Peacemaking that works
Review: Practicing Peace: Theology, Contemplation, and Action.
Michael John Wood, 2022 Wipf and Stock
Peace-talk can be sentimental, in my view. The high-value rhetoric has a glow of truth, inspires us to believe we have a great vision even when we have no skin at all in the game.
My acid test of peace-talk is the Warsaw ghetto in 1943. Or the Mongolian invasions in 1200s that sacked and slaughtered ten percent of the world. What would I do then? Or in less military conflicts, how do I help when I witness the way the beneficiaries of entrenched organisational bias render their critics invisible, non-existent. What have I done that achieved change? Or when women must walk in a world where they may be preyed upon at any time: How do they live, practically, in that world? Words about equality don’t seem to work very well. Will the aggressor stop and realise?
It seems that in entrenched conflict there is no stopping to reflect upon the witness of pacifists. Peace making is a long and twisting mission.
Does Wood’s work offer actual practical help for being involved in real world conflicts? I have to say, from what I have seen, that it does. No pious wordiness here.
Perhaps you share his concern for the cracks and complexity of our times and the weight of defeat upon the church as it was. How did he come to this? He has sought out effective practices, experimented, networked and studied for 26 years. He is honest about his failures in ministry and shares his stories succinctly. I worked with Michael Wood as a colleague for seven years in university chaplaincy and so I confess that I have seen these practices in action.
What is Wood attempting here?
The first part presents four touchstones in a Christian theology of peacemaking leading to three descriptions of a theology of nonviolence. These are erudite surveys that cover and frame most of my issues without being caught in the labyrinth of theory. Don’t come here for a philosophical argument but come to find a soundly presented case, largely but not only indebted to Girard’s mimetic theory. I don’t exactly square with his position but I was often grateful to be challenged.
The second part of the book is about the genre (my word not his) of Contemplation, practiced both personally and collectively. Wood makes a good case for this genre as a way of Integrating Perception, not just ‘taking a break for some quiet time’. The inner work precedes growth in Loving God and loving Neighbor, and letting go of the shame, guilt, resentment and pride that clog one’s spiritual arteries. I felt freedom stretch out within me.
Part three is a remarkable handbook for action in peacemaking, both in the church and in the wider society. There are lots of stories here that easily convey their principles without selling them.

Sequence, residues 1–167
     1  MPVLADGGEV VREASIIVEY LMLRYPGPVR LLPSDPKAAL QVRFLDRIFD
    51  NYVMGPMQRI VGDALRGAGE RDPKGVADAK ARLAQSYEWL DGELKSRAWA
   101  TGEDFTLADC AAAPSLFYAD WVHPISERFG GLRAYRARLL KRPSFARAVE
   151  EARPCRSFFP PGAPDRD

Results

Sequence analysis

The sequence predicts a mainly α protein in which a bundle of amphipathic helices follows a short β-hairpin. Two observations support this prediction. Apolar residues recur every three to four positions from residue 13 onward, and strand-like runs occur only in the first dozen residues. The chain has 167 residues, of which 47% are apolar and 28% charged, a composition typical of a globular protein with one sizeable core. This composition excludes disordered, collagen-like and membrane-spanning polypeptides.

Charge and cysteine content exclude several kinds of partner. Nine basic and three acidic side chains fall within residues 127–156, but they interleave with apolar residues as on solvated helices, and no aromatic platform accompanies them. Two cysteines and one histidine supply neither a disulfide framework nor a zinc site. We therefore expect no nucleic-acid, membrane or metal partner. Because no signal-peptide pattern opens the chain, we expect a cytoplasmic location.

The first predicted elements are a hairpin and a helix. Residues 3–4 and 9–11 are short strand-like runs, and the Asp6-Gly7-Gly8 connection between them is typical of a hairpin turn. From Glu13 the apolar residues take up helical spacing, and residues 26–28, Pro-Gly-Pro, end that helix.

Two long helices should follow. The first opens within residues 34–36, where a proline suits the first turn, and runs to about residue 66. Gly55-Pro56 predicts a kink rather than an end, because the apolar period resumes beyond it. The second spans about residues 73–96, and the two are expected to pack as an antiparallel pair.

Foundational to Wood is the wisdom of how life actually grows, that is, Natural Living Systems. I would say it is equal in status to him as Redemption in Christ. Living systems grow the Shalom of Christ. Therefore instead of top-down hierarchies with faux consultation, the epidemic of my own institution, Wood offers multi-level practices that build peace, creativity, community through Collaboration.
I have seen Wood at work in most of these practices and seen the results. When he co-hosted Gospel Yarning twice at United Theological College, it was already by lunchtime on the first day being spoken as the best conference people had ever been to. From talking circles with cautious academics to congregations and whole synods, I have seen these practices work wonders. Debate and distress and the boredom of all the usual voices gives way to ‘Collaborative Emergent Design.’
It is important to learn well the theology in these practices, for I have often been dismayed to see how the passions that emerged helpfully say in Open Space Sessions were soon quashed by cultures of authority that merely used these practices as a consultative trick. Not only organisations but also in conversations, these are helpful principles.
Wood adds a few helpful questions in each chapter that move from awareness to learning, then a series of questions for a small group to explore the topic. It does a lot of preparation for you. It would be a very adequate small curriculum for a group on Peacemaking as an essential practice in community engagement and workplace participation. It addresses primarily the institutionalised traditions where parliamentary or hierarchic combat is the learned form of resistance to change but it is anchored in much wider peacemaking fields.
Wood’s book is a thorough curriculum on things that work. Wood takes us with him in manageable steps to join the dots that integrate Theology, Contemplation, and Action in the Practice of Peace. His bibliography was also helpful when I needed more context.
Rev. Dr Ian Robinson
United Theological College